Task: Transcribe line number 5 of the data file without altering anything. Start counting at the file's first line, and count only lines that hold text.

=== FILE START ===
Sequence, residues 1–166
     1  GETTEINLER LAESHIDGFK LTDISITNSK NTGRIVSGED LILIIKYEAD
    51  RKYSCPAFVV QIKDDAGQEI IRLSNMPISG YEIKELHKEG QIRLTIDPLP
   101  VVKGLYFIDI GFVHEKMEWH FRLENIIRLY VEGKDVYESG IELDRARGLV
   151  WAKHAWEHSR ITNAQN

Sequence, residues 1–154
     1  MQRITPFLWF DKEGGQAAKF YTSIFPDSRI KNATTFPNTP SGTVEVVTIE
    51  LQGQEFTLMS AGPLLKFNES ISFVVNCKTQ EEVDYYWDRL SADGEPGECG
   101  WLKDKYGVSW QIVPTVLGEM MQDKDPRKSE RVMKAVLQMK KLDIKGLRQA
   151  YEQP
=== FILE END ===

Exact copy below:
   151  WAKHAWEHSR ITNAQN